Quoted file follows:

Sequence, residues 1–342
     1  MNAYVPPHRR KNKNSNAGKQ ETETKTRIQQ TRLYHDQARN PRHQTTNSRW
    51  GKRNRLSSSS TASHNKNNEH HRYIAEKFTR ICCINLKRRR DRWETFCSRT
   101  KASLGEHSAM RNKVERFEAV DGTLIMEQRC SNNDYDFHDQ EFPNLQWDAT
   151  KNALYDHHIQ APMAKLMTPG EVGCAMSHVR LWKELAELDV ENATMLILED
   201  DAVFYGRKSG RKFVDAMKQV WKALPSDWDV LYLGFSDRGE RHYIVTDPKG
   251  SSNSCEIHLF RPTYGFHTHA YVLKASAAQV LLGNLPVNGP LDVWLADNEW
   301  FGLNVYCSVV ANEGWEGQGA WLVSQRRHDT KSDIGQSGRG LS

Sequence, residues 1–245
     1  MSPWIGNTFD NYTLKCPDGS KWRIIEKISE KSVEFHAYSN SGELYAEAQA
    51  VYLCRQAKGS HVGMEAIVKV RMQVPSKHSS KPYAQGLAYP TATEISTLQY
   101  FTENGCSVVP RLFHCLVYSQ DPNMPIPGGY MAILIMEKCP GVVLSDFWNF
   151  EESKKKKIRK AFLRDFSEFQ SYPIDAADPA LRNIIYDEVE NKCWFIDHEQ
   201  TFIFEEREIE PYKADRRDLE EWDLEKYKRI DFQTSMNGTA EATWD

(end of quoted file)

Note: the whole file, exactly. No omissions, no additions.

Sequence, residues 1–342
     1  MNAYVPPHRR KNKNSNAGKQ ETETKTRIQQ TRLYHDQARN PRHQTTNSRW
    51  GKRNRLSSSS TASHNKNNEH HRYIAEKFTR ICCINLKRRR DRWETFCSRT
   101  KASLGEHSAM RNKVERFEAV DGTLIMEQRC SNNDYDFHDQ EFPNLQWDAT
   151  KNALYDHHIQ APMAKLMTPG EVGCAMSHVR LWKELAELDV ENATMLILED
   201  DAVFYGRKSG RKFVDAMKQV WKALPSDWDV LYLGFSDRGE RHYIVTDPKG
   251  SSNSCEIHLF RPTYGFHTHA YVLKASAAQV LLGNLPVNGP LDVWLADNEW
   301  FGLNVYCSVV ANEGWEGQGA WLVSQRRHDT KSDIGQSGRG LS

Sequence, residues 1–245
     1  MSPWIGNTFD NYTLKCPDGS KWRIIEKISE KSVEFHAYSN SGELYAEAQA
    51  VYLCRQAKGS HVGMEAIVKV RMQVPSKHSS KPYAQGLAYP TATEISTLQY
   101  FTENGCSVVP RLFHCLVYSQ DPNMPIPGGY MAILIMEKCP GVVLSDFWNF
   151  EESKKKKIRK AFLRDFSEFQ SYPIDAADPA LRNIIYDEVE NKCWFIDHEQ
   201  TFIFEEREIE PYKADRRDLE EWDLEKYKRI DFQTSMNGTA EATWD